With advances in medical technology, health education and more active lifestyles, our average life expectancy has increased dramatically over the past several years. It’s probably safe to say that nobody wants to live a long time while looking and feeling
Research suggests little attention has been paid to the psychological effects of aging skin but, found that: “The awareness of one’s compromised appearance makes interpersonal relationships uncomfortable and promotes social withdrawal.”
Here’s another one: “While the landmarks of maturing into adulthood are a source of pride, signs of natural aging can be cause for shame or embarrassment. Some people try to fight off the appearance of aging with cosmetic surgery. Although many seniors report that their lives are more satisfying than ever, and their self-esteem is stronger than when they were young, they are still subject to cultural attitudes that make them feel invisible and devalued.” https://opentextbc.ca/introductiontosociology/chapter/chapter13-aging-and-the-elderly/
Pretty heavy stuff for a few lines and wrinkles. Who knew?? The conclusion that we come to is that we ARE interested in our appearance, especially as we age.
The downside is obvious. As we age, our skin becomes wrinkled, thin, damaged and discolored. We don’t like it but there you have it. We can address these aging issues with superficial methods such as skin care products, plastic surgery and laser treatments. These treatments and therapies work and are important to maintaining the appearance we want as we age.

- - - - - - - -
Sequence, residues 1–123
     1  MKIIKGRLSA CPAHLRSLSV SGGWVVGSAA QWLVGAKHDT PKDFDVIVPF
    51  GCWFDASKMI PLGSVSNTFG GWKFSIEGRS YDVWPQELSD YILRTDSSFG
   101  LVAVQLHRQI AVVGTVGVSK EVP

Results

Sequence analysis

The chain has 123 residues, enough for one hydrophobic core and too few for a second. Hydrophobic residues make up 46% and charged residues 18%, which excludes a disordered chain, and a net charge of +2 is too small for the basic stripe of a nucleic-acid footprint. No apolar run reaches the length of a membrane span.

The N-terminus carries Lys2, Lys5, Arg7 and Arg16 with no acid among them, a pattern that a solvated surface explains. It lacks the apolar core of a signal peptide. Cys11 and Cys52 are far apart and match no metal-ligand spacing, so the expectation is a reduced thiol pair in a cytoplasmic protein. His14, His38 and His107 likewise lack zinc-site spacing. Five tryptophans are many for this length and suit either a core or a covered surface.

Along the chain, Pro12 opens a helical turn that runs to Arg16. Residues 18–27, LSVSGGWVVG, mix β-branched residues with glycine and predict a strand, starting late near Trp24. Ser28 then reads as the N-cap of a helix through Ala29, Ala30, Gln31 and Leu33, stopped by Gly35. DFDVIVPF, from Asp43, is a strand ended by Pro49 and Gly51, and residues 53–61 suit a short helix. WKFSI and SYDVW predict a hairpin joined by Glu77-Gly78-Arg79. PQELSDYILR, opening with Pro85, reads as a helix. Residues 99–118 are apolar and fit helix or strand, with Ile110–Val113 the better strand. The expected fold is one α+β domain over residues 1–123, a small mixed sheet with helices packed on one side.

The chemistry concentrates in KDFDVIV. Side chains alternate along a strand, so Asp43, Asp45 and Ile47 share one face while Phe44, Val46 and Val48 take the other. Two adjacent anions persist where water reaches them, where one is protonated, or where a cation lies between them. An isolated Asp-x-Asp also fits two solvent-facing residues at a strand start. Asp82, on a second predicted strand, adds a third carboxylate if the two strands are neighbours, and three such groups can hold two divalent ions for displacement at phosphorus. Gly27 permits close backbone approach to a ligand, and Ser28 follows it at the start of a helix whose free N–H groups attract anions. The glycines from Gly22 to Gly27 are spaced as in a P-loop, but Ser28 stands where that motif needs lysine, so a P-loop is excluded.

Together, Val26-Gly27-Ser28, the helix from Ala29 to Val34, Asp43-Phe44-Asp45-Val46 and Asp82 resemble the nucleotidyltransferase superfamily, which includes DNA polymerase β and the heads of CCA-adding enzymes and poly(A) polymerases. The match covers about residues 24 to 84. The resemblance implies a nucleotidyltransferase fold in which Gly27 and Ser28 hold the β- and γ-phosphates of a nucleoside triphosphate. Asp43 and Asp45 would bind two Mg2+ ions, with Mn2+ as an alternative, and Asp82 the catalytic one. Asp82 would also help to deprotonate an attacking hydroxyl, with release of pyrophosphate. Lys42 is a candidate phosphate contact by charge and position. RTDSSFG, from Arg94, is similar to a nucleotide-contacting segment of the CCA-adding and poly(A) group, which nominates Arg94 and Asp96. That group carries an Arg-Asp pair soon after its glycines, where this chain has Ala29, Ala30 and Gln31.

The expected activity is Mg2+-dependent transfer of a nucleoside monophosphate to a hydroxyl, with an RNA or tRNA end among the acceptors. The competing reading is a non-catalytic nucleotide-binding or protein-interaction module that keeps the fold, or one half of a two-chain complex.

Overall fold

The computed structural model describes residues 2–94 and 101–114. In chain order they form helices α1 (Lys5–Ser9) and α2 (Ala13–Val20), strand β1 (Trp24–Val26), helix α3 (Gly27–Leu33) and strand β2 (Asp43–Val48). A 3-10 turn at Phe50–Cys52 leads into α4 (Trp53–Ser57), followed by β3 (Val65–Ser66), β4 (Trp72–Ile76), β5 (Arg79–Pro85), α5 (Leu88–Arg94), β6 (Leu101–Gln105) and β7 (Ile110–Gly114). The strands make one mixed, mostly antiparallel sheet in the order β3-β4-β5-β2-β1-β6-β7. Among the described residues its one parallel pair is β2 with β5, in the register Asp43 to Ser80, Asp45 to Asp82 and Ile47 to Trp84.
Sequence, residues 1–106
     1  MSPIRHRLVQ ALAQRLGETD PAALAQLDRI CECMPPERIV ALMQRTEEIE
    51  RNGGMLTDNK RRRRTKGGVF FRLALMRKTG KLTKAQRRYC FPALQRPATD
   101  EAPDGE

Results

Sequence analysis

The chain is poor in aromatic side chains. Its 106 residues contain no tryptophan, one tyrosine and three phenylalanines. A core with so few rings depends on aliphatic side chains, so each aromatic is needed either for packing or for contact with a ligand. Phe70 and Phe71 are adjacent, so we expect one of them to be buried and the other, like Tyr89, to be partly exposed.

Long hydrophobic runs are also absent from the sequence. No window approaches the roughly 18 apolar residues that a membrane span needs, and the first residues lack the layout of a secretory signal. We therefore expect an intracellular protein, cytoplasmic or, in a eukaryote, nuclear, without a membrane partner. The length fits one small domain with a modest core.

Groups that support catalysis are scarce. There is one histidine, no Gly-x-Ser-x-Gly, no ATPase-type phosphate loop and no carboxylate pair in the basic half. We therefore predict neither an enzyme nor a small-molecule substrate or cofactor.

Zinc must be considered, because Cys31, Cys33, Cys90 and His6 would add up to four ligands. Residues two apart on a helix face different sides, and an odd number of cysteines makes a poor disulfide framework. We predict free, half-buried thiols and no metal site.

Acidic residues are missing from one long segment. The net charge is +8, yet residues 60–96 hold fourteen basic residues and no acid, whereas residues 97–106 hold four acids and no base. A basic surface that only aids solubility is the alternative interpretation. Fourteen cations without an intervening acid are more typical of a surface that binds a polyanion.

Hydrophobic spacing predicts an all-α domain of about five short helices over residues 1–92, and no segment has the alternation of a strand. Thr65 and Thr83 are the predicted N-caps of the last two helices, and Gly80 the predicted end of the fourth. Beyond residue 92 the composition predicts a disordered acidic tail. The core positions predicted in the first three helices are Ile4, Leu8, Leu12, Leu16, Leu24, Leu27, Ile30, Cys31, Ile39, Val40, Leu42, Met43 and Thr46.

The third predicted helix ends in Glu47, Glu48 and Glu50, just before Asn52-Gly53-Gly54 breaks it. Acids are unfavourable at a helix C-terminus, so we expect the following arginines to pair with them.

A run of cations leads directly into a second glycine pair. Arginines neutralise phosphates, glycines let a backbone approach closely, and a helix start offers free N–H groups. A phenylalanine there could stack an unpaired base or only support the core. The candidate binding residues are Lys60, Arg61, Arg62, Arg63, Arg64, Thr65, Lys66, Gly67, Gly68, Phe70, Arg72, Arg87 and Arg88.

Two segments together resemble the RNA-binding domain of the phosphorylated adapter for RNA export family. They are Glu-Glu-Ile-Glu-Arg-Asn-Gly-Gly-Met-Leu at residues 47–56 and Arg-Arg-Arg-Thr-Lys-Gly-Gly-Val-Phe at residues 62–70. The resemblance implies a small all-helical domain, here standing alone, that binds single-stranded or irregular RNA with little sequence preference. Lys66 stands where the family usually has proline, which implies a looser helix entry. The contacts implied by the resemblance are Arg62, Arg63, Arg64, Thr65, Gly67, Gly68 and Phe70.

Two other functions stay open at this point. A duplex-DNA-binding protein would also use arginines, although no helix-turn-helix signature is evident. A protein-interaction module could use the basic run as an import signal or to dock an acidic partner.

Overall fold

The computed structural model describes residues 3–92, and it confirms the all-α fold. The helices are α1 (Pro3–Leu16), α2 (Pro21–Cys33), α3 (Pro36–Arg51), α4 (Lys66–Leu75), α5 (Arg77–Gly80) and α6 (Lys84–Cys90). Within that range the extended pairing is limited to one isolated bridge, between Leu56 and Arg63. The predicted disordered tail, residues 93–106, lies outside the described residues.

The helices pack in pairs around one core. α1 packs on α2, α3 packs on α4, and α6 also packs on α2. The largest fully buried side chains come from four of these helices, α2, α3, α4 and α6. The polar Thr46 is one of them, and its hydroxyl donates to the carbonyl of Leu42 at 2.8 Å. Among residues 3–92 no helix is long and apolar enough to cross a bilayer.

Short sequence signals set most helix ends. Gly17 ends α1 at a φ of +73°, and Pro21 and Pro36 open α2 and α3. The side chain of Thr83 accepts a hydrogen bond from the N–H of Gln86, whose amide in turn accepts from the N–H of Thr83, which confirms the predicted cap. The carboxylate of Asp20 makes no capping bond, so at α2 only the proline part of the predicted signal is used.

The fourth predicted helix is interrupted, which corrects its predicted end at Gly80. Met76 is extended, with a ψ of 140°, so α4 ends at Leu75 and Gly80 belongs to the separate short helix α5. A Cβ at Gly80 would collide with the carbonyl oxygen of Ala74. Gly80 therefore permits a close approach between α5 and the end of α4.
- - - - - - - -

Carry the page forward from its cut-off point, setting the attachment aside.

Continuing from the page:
But, “aging” is a cellular activity, and occurs at the cellular level.
The process of aging involves every cell; and, every organ undergoes a steady rate of deterioration. As we get older, cells of the body become progressively more damaged due to wear-and-tear and general exposure. Finally, those cells die. This process is called apoptosis and it’s a natural part of cell life. As these cells die, they are replaced by new cells. This cell replacement process is never fast enough to compensate completely for the cells that are dying off. This is when the signs of aging appear, and where stem cells come in.
What Exactly ARE Stem Cells?
Stem cells are “undifferentiated” cells in the body, meaning that these cells are the very basic cells that have not developed into a particular type of cell, like a skin cell, heart cell or muscle cell for example, and are what all the other cells in your body are derived from. Stem cells remain in the body throughout life and our bodies depend on them to keep us healthy and repair damage of all kinds, whether from injury or illness.
During early life and the growth process, stem cells have an exceptional potential to develop into different types of cells. For example, when you are young and skin your knee you heal quickly and usually with little scarring. This is because we have millions of stem cells circulating through our young bodies. Newborns have a stem cells for every 10,000 cells. As we age, these cells dwindle down to 1 to 2 stem cells per 100,000 cells. By the age of 65, only about 10% of the body’s stem cells are circulated through the blood.
Declining levels of stem cells affect how the body repairs itself. The older we get, the more our body’s defenses have to decide where it use it’s dwindling resources. This means that repairing the effects of aging to skin gradually takes a back seat to more pressing issues, leaving areas of unrepaired damage.
How Do Stem Cells Help?